During their meeting on Thursday, November 2, Northampton Borough Council welcomed a new borough employee to their wastewater treatment facility. Council unanimously voted to hire Benjamin Rutherford as a sewer plant operator trainee after an interview process with Borough Manager LeRoy Brobst and several members of council. 

Rutherford, a new borough resident, has previously worked for Hatfield Meats in their waste treatment plant. 

“I like what I do a lot,” he told council. “I’m very committed to my job.”

Outside of work, he says he enjoys spending time taking care of his home and being with his family.

Rutherford was welcomed warmly by council. 

“I think we made a good hire,” said Councilman Ronald Glassic, who was part of the interview process.

“I think he is going to make a great addition to the sewer plant,” added Councilman Trevor Stone. “He is an outstanding young man.” 

In other news, council rejected a motion to place 18 to 25 parking meters on Main Street between Keichel Court and Richard Paul Alley. A total cost of $9,300 to $12,900 was estimated for the meters, not including installation. In total, meters in the borough bring in roughly $250 per week.

“Does the community really feel the need for a parking meter at that expense?” asked Councilwoman Judy Haldeman.

“Who is this really benefiting?” wondered Stone. “I’m not really sure this is benefitting the business owners.”

He worried that adding meters would increase long-term parking in nearby parking lots. Instead, he suggested 15-minute parking signs.

Councilman Glassic was also not in favor of adding meters to Main Street, citing the high cost and low return on investment. 

“[This is] potentially a 20-year return on investment,” he calculated. 

Councilman Anthony Lopsonzski, Sr. however, supported the idea of metered parking. 

“What the parking meter is designed to do is to change the occupancy of the parking space after one hour…it guarantees that the space will be open eventually,” he said. “There are several new businesses in there that are struggling…the meters were intended to help defray this situation.”

Despite this, council voted to reject the meters.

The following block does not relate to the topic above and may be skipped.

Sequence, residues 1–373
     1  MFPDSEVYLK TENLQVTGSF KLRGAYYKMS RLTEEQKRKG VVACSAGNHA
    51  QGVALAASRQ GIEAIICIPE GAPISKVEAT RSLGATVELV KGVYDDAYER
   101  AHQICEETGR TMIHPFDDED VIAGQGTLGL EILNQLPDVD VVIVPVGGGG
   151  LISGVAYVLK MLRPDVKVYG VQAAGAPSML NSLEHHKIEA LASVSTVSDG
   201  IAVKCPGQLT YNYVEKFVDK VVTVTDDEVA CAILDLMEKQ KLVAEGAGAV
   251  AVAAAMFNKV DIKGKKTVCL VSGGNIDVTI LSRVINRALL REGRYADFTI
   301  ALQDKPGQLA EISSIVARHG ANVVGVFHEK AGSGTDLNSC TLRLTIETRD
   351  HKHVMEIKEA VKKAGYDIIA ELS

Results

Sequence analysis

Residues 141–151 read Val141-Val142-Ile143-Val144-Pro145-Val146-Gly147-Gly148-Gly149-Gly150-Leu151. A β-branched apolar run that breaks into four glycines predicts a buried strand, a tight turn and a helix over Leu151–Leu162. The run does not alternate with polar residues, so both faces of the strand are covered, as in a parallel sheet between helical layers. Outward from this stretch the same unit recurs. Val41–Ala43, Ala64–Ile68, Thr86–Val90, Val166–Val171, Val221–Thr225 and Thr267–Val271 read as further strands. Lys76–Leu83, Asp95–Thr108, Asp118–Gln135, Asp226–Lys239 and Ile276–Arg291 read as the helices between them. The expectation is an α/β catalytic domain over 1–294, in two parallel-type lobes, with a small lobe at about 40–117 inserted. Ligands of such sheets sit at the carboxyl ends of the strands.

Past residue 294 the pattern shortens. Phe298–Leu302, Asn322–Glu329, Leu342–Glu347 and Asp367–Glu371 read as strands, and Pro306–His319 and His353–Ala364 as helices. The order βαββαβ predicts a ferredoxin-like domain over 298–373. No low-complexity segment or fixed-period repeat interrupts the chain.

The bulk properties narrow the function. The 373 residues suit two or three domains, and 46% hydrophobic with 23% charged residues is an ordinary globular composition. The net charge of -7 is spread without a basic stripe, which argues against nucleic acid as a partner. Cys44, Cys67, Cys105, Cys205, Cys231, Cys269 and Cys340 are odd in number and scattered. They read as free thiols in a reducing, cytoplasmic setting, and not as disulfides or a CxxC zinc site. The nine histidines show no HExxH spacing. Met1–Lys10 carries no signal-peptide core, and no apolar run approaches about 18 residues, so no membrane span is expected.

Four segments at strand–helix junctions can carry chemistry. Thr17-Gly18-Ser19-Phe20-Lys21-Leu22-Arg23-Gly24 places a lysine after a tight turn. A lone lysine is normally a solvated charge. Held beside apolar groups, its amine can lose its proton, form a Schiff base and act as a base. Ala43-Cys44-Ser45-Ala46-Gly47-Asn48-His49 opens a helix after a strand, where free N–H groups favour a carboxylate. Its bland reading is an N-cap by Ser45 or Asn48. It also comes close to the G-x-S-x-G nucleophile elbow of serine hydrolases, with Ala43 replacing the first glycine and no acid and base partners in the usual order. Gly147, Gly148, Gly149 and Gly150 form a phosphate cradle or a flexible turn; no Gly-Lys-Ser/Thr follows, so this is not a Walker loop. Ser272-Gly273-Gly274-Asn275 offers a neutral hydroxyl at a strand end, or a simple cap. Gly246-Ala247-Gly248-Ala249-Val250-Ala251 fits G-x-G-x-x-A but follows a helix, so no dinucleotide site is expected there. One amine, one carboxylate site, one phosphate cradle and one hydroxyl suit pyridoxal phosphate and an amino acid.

In other news, Ryan Homes, the developer currently constructing the Northampton Crossings townhomes development, approached council for a temporary “No Parking” area along West Alley to store building materials. This would be in effect until the project’s estimated completion in spring 2024.

Council was largely not in favor of this request due to the disruption it would cause current residents. Council worried that materials could sit there for a prolonged period of time.

“There are already complaints on parking there,” said Councilwoman Judy Kutzler. “They have an open space area. Why can’t they use that?”

Council rejected the request, asking the developer to present alternative solutions.

Finally, a representative from Northampton County Executive Lamont McClure’s office presented the borough with a check from the 2023 CDBG (Community Development Block Grant) program for $70,000. This funding will be used for the future Canal Street sewer improvement project. 

Before ending the meeting, council reminded residents to pay their respects to Northampton’s hometown heroes on Sunday, November 12 at 2 p.m. during the annual hometown heroes celebration hosted by the Northampton Area Historical Society. The ceremony will be held in the Northampton Area High School auditorium, with doors opening at 1 p.m. and music beginning at 1:30 p.m.

The next council meeting will be Thursday, November 16 at 7 p.m. 



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